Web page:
ANZI Z535.6

Why a standard for safety messages?

The ANSI Z535.6 provides guidance to any entity involved in creating collateral materials. The standard defines collateral materials as printed information that accompanies a product (e.g. product manuals, instructions  and other materials containing safety messages). Because safety information in collateral materials and safety messages on product safety sign may differ, this standard has set forth a communication system developed specifically for product safety information in collateral materials.

How does a safety message look like?

Safety messages can contain a signal word (DANGER, WARNING, CAUTION or NOTICE) in combination with a safety alert symbol (v). The signal word and safety alert symbol are placed in a so called signal word panel. The safety messages and properly damage messages may be presented in black and white, grayscale or according to the colors as specified in ANSI Z535.1 (v). Also the type style and size of the signal words are defined in the standard.

safety_message

safety_message

Examples of a signal word panel

The safety message is formed by the signal word panel (or in some cases just the safety alert symbol), together with the conveyed safety message.

safety_message

What do I put in the conveyed safety message?

The ANSI Z535.6 addresses four types of safety messages that may be presented in collateral materials:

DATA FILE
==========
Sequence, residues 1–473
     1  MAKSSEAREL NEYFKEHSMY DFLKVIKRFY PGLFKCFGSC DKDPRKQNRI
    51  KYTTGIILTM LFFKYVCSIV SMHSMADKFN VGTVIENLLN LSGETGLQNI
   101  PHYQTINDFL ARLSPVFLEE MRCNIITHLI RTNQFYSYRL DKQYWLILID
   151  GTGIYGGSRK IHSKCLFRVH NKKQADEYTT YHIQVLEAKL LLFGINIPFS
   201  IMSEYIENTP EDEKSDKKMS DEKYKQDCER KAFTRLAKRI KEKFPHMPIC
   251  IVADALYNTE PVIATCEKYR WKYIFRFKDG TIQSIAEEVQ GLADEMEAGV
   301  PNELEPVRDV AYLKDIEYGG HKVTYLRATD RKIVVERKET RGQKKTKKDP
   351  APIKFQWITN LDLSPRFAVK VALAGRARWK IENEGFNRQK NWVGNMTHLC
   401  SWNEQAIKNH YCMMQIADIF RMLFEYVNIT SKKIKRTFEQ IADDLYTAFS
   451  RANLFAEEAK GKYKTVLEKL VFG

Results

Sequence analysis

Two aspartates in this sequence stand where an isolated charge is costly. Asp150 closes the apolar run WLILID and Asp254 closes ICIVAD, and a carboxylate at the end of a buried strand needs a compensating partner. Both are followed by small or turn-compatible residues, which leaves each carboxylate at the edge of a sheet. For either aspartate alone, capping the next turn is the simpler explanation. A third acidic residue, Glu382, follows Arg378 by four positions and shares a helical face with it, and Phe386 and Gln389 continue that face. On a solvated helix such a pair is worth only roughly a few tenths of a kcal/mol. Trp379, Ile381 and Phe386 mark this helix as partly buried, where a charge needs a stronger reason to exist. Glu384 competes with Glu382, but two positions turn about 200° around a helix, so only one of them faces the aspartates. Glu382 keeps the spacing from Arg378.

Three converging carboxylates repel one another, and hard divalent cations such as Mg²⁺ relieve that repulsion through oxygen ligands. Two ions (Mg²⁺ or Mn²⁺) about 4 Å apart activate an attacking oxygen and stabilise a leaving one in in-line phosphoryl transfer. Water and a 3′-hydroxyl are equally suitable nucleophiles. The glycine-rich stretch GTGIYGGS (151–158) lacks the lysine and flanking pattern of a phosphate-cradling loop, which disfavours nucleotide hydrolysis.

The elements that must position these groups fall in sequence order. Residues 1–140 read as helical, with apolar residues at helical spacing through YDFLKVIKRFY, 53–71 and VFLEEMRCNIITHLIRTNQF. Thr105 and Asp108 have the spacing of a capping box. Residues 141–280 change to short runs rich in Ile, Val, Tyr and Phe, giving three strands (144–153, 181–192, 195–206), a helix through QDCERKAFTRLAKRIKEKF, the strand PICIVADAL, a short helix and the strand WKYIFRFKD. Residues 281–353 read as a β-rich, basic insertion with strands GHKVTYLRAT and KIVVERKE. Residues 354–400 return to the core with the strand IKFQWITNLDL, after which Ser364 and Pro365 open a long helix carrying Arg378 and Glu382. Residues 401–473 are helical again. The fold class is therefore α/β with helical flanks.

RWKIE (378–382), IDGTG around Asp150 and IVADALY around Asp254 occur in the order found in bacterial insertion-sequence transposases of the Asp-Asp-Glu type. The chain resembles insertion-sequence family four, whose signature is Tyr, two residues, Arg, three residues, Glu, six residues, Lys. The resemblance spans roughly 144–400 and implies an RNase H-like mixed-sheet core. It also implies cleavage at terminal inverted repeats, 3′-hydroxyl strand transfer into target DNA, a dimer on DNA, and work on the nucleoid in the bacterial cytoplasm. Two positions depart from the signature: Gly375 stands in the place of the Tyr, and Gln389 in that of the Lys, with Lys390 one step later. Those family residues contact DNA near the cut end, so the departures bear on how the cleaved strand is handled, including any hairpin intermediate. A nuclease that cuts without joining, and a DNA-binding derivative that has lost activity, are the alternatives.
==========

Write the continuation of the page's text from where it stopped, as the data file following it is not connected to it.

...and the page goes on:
• Supplemental directives
  • Grouped safety messages
  • Section Safety messages
  • Embedded safety messages

Grouped, section and embedded conveyed safety messages should identify the hazards, indicate how to avoid them and advise of the probable consequences of not avoiding the hazards. Supplemental directives may often be generic and for example contain information regarding:

  • the general safety implications of a document (e.g. “read all instructions before use to avoid injury”)
  • the general safety implications of grouped safety messages (e.g. “to avoid serious injury or death, follow the safety information in this chapter’/ section”)
  • generic messages regarding the handling of safety information (e.g. “Keep this manual for future reference”).

Ok, and where in the manual do I present my safety messages?